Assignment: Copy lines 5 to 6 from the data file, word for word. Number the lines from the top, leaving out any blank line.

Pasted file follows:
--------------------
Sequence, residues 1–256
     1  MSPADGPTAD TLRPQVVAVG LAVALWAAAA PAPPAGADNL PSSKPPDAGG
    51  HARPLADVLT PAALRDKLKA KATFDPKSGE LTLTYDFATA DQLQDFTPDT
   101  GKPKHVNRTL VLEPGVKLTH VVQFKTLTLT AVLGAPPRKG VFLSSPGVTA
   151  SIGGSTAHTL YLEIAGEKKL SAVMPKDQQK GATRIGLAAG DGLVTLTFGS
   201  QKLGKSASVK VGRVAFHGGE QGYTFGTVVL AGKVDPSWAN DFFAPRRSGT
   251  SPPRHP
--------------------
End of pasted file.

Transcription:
   151  SIGGSTAHTL YLEIAGEKKL SAVMPKDQQK GATRIGLAAG DGLVTLTFGS
   201  QKLGKSASVK VGRVAFHGGE QGYTFGTVVL AGKVDPSWAN DFFAPRRSGT